A spot in next month’s Carabao Cup final at Wembley against Manchester City was on the line at the Emirates on Wednesday night as Arsenal and Chelsea faced off for the third time this month. Unlike the previous two occasions (previous four, in fact, stretching all the way back to the Community Shield), this one would not end in a draw. Unfortunately, fortune favored Arsenal and Chelsea were down 2-1 at the penultimate hurdle for a trophy.
Untimely injuries to goalkeeper Thibaut Courtois and striker Álvaro Morata forced Conte to reshuffle his plans, switching from his recently preferred 3-5-2 to the recently once again successful 3-4-3. Veteran Wilfredo Caballero deputized for Courtois once again, for the third consecutive game, shielded by the back three of César Azpilicueta, Andreas Christensen and Antonio Rüdiger. Tiemoué Bakayoko and N’Golo Kanté were the picks for midfield, the French duo joined by Marcos Alonso and Victor Moses on the left and right wing-back positions, respectively. Upfront, Eden Hazard spearheaded the attacking line in place of Michy Batshuayi, flanked by fellow smalls Willian and Pedro.
Arsène Wenger also made a few tactical changes after the weekend’s 4-1 win over Crystal Palace, switching to a four-man defensive shape instead of his usual go-to move of mirroring Conte’s tactics. Mohamed Elneny joined Granit Xhaka and Jack Wilshere as the spine for the Gunners, with Mesut Özil pulling the strings up front for the wasteful Lacazette and the hard-working Iwobi.
At the start, it looked as if Chelsea were set to be the more reactive of the two sides, as we are often wont to do in big games away from home, but the Blues were quick to flip that script and invade Arsenal’s half of the pitch. Having switched to a back-four, Arsenal were having difficulties in handling Chelsea’s 3-4-3, in scenes reminiscent from last season when Conte’s new tactics took the league by storm. It helped that Chelsea were pressing well while staying solid, controlling possession, winning the ball back with easy, and pinning Arsenal in their own defensive third.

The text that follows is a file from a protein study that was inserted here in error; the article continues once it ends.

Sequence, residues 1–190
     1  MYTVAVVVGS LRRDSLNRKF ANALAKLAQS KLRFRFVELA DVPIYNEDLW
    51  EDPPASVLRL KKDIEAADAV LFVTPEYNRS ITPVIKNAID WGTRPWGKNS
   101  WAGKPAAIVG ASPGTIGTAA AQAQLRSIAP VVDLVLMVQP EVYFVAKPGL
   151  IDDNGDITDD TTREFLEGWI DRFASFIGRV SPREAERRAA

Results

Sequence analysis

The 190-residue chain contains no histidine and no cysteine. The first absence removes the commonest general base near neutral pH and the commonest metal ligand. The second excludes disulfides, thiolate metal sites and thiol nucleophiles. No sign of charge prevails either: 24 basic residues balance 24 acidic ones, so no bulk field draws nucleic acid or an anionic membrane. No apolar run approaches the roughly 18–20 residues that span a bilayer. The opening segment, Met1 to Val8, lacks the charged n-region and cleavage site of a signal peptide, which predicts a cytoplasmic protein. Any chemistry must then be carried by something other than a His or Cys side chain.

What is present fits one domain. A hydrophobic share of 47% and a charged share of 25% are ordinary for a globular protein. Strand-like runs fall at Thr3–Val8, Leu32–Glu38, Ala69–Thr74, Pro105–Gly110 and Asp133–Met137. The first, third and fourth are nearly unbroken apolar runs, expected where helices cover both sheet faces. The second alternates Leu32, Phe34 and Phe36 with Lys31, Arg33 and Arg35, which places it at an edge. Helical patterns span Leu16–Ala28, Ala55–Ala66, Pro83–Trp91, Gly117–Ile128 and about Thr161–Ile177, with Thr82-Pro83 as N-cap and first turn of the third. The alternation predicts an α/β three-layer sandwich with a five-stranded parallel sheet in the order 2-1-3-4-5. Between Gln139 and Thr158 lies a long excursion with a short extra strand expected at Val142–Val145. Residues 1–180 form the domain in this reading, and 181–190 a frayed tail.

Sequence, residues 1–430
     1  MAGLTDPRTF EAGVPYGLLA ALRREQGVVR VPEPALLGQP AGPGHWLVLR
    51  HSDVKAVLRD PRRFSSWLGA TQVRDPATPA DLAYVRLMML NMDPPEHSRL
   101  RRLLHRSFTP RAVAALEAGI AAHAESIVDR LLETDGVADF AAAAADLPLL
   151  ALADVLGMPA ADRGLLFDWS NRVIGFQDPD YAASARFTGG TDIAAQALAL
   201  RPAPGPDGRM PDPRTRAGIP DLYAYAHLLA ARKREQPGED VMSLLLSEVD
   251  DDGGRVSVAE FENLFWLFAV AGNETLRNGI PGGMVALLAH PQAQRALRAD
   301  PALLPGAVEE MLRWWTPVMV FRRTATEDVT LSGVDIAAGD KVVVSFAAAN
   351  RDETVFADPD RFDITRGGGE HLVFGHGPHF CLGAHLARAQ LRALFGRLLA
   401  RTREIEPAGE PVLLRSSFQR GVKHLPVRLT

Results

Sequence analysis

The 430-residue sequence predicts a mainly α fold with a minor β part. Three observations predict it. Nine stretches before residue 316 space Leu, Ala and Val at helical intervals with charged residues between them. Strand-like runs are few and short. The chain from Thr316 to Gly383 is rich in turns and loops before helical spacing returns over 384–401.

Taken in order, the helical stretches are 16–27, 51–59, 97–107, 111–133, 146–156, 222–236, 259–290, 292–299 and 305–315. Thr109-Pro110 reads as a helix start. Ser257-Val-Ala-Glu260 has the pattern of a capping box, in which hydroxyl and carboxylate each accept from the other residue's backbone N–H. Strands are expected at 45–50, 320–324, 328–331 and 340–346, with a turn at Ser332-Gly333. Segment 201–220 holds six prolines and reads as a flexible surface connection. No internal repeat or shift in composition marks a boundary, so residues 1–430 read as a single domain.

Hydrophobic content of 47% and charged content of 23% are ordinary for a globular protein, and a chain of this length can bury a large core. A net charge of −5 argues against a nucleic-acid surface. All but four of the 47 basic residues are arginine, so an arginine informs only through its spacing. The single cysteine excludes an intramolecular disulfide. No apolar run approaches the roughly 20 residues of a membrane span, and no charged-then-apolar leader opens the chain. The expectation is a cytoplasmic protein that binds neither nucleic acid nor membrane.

Chelsea had the ball in the back of the net just five minutes into the game, but Pedro, who produced a rather excellent Morata imitation in heading in Azpilicueta’s cross, was correctly whistled for offside. (No VAR need, even.)
Fortunately, a minute later, Eden Hazard got things spot on and Chelsea were in the lead. Pedro turned provider this time, slipping a lovely through-ball for Eden to run onto and finish with ease for his 12th goal of the season (now tied for the club lead with Morata). The move started with Kante, who else, winning the ball in midfield.
Chelsea followed that goal up with a typical lull in effort, giving Arsenal a chance to gain a foothold and eke out an equalizer. There was more than a heavy dose of bad luck involved as Nacho Monreal’s header deflected off Marcos Alonso, then Antonio Rudiger and into the back of the net, but questions about why Monreal was allowed to be so open should still be asked.
Back on level terms, Chelsea were back on the front foot. With the help of Bakayoko, Moses, and Arsenal’s weak defending, the Blues were able to keep up the pressure, forcing the Gunners into playing counterattacking football — and rather ineffective counterattacking football thanks to Chelsea shackling Alexandre Lacazette.